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Is It Me, Or Have Kids' Manners Gotten Worse?

(Gerald Herbert/AP)
(Gerald Herbert/AP)

Kids, manners and the holidays. We have expert advice on how to expect and encourage behavior that makes for great family memories.

Guests

Katherine Reynolds Lewis, author of “ The Good News About Bad Behavior: Why Kids Are Less Disciplined Than Ever-And What to Do About It.” Certified parent educator and award-winning journalist. ( @KatherineLewis)

Richard Weissbourd, faculty director of human development and psychology program at Harvard’s Graduate School of Education. Co-director of Making Caring Common program. ( @MCCHarvardEd)

From The Reading List

Excerpt From “The Good News About Bad Behavior” by Katherine Reynolds Lewis

Excerpted from THE GOOD NEWS ABOUT BAD BEHAVIOR by Katherine Reynolds Lewis. Copyright © 2019. Available from PublicAffairs, an imprint of Hachette Book Group, Inc.

The Boston Globe: “ Why kids today are so rude — and why a little bad behavior might sometimes be a good thing” — “My daughter, who’s 9, recently had a new friend over to play. I gave them a snack and was in the kitchen pouring juice when our visitor bellowed from the next room, ‘More chips!’ I bristled, but I wasn’t surprised. As a mother of three, I’ve long had a front-row seat to children’s declining manners.

“It’s not mislaid soup spoons or white shoes after Labor Day unsettling me. It’s the waning of the most basic acts of courtesy — saying ‘please’ and ‘thank you,’ keeping a door from slamming on the person behind you — and the waxing of rudeness extreme enough to shock. That is, if it weren’t so common.

“There’s my neighbor’s tale from her son’s 10th birthday party, when she placed favors — two versions of a detective kit — at the kids’ chairs in an alternating pattern. A girl approached her, indignant, wanting to know why she didn’t get the kit she wanted. My neighbor assured her that the kits were basically the same, but the girl was unappeased. ‘Can you order the other one for me?’ she said.

“Then there’s the dad who volunteered to coach his daughter’s coed soccer team. A few players refused to participate in scrimmages if placed on a different side than their buddies. At one practice, some, laughing, pelted him with soccer balls. ‘They see little difference between their parents, coaches, and friends,’ he told me. ‘My biggest take-away? Wow, kids have changed.’ ”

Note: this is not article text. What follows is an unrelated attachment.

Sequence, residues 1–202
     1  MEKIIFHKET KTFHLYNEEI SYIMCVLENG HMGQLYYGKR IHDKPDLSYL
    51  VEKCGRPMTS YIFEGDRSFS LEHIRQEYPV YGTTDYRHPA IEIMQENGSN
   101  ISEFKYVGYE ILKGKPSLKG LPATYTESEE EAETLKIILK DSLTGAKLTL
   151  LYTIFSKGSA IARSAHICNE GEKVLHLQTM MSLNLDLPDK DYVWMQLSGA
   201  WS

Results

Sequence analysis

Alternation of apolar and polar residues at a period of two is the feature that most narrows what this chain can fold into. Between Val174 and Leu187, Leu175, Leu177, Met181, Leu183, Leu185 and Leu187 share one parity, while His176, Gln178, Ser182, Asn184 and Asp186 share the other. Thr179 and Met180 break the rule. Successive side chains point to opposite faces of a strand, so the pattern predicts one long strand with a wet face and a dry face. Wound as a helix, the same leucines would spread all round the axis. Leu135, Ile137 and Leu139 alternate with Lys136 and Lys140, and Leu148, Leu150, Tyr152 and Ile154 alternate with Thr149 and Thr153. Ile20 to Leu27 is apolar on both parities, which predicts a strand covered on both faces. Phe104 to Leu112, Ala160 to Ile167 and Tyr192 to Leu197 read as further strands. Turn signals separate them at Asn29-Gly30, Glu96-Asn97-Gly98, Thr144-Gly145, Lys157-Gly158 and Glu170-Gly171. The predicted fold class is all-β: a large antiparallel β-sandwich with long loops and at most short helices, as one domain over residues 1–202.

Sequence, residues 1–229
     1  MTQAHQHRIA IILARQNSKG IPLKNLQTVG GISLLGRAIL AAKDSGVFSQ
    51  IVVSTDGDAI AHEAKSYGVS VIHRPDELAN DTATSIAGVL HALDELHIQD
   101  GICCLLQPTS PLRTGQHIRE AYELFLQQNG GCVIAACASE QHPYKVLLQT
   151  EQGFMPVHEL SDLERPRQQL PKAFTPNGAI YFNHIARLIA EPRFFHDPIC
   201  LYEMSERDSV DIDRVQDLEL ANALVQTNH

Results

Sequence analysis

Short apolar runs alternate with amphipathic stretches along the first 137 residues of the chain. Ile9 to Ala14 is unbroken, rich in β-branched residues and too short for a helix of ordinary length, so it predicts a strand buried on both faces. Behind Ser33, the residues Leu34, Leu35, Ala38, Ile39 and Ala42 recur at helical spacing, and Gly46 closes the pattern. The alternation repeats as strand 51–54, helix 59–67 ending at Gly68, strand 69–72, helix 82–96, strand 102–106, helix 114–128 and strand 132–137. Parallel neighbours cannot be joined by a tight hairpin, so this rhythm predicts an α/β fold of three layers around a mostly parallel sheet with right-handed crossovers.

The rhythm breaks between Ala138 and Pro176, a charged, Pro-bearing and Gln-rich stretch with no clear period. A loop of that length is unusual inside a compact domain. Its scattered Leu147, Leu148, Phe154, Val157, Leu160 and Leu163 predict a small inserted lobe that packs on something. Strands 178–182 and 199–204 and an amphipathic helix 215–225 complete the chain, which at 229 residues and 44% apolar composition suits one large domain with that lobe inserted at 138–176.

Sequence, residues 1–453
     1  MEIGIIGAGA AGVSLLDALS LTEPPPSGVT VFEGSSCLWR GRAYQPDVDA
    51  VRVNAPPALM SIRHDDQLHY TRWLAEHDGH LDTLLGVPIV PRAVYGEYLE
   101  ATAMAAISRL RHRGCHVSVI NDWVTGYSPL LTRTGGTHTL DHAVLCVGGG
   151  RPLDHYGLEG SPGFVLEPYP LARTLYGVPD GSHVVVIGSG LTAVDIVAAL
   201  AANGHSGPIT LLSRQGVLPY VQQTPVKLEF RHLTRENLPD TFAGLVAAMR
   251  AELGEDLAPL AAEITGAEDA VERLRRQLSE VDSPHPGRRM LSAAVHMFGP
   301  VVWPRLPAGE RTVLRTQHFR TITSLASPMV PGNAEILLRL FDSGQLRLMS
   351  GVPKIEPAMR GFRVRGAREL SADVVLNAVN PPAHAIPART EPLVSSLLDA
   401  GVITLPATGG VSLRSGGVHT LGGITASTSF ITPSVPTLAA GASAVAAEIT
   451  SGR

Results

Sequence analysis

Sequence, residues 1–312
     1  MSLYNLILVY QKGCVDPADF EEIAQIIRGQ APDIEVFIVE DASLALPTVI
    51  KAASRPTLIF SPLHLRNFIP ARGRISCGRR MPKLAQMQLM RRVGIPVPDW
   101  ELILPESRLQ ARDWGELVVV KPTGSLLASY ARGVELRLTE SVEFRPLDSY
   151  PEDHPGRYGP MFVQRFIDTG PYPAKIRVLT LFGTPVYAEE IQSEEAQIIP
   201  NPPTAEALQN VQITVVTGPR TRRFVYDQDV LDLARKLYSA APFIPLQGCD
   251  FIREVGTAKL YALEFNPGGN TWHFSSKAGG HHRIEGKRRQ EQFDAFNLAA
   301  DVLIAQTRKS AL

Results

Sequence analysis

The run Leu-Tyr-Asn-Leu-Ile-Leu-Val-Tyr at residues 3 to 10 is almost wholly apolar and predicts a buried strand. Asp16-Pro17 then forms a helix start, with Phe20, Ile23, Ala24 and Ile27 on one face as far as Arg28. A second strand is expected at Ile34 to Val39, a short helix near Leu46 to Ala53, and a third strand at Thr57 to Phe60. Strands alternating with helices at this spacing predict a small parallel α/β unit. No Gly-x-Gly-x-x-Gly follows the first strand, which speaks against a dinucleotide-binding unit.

NPR: “ Why Children Aren’t Behaving, And What You Can Do About It” — “Childhood — and parenting — have radically changed in the past few decades, to the point where far more children today struggle to manage their behavior.

“That’s the argument Katherine Reynolds Lewis makes in her new parenting book, The Good News About Bad Behavior.

“‘We face a crisis of self-regulation,’ Lewis writes. And by ‘we,’ she means parents and teachers who struggle daily with difficult behavior from the children in their lives.

“Lewis, a journalist, certified parent educator and mother of three, asks why so many kids today are having trouble managing their behavior and emotions.

“Three factors, she says, have contributed mightily to this crisis.

“First: Where, how and how much kids are allowed to play has changed. Second, their access to technology and social media has exploded.

“Finally, Lewis suggests, children today are too ‘unemployed.’ She doesn’t simply mean the occasional summer job for a high school teen. The term is a big tent, and she uses it to include household jobs that can help even toddlers build confidence and a sense of community.”

Mother Jones: “ What If Everything You Knew About Disciplining Kids Was Wrong?” — “Leigh Robinson was out for a lunchtime walk one brisk day during the spring of 2013 when a call came from the principal at her school. Will, a third-grader with a history of acting up in class, was flipping out on the playground. He’d taken off his belt and was flailing it around and grunting. The recess staff was worried he might hurt someone. Robinson, who was Will’s educational aide, raced back to the schoolyard.

“Will was ‘that kid.’ Every school has a few of them: that kid who’s always getting into trouble, if not causing it. That kid who can’t stay in his seat and has angry outbursts and can make a teacher’s life hell. That kid the other kids blame for a recess tussle. Will knew he was that kid too. Ever since first grade, he’d been coming to school anxious, defensive, and braced for the next confrontation with a classmate or teacher.

“The expression ‘school-to-prison pipeline’ was coined to describe how America’s public schools fail kids like Will. A first-grader whose unruly behavior goes uncorrected can become the fifth-grader with multiple suspensions, the eighth-grader who self-medicates, the high school dropout, and the 17-year-old convict. Yet even though today’s teachers are trained to be sensitive to ‘social-emotional development’ and schools are committed to mainstreaming children with cognitive or developmental issues into regular classrooms, those advances in psychology often go out the window once a difficult kid starts acting out. Teachers and administrators still rely overwhelmingly on outdated systems of reward and punishment, using everything from red-yellow-green cards, behavior charts, and prizes to suspensions and expulsions.”

This article was originally published on WBUR.org.

Copyright 2020 NPR. To see more, visit https://www.npr.org.